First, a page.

For the UNC the reality is the party has no influence in Tobago and any attempt to challenge the THA would be seen as an affront to its non-traditional supporters. That is the political Rubicon that makes the THA almost untouchable.
In the last 10 years the THA has received from the Central Government more than $27 billion in funding and this does not included billions more spent by ministries and statutory bodies on the island.
Even with that funding the island’s tourism sector has declined, the THA continues to crowd out private enterprise as it employs more than half the working population and while the country is made to believe that tourism is what drives Tobago’s economy, it is in fact budgetary support from the central government and some domestic tourism that keeps Tobago afloat.
During the last decade there have been many instances in which projects have been started and abandoned and tens of millions of dollars wasted.
In last Sunday’s Business Guardian my colleague Loyse Vincent chronicled millions spent on failed projects by the Tourism Division of the Tobago House of Assembly while the present political leader of the Tobago Council of the PNM Tracy Davidson-Celestine was the Secretary of Tourism.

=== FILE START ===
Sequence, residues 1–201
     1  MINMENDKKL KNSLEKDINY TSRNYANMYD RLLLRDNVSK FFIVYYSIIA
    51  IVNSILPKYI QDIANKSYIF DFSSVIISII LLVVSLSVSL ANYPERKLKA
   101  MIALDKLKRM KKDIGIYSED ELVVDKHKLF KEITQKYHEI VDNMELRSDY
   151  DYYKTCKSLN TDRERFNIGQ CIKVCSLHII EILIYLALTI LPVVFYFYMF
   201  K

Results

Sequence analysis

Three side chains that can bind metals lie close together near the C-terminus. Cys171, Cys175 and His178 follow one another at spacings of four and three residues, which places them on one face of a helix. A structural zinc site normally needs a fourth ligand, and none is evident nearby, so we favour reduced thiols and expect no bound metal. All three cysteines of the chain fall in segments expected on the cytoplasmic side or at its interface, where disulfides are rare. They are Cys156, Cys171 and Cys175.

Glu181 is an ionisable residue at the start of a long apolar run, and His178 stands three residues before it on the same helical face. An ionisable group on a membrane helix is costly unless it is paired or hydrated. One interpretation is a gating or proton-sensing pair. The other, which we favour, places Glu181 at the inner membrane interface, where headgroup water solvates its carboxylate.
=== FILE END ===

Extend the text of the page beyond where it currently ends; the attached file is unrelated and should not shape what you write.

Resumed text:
According to the article under the Tourism Accommodation Upgrade Programme (TAUP) there were reimbursable grants for approved upgrade work done to accommodation facilities in Tobago.
Many of those properties had work that remained incomplete, over budget and in some cases the hotels even went into bankruptcy.
In 2015 the THA spent a total of $32 million to purchase two properties, Sanctuary Villa at Black Rock and Manta Lodge, a Dive Villa at Speyside. Since then the properties have not welcomed a single visitor except bats and rodents as they have been sitting idly for more than five years.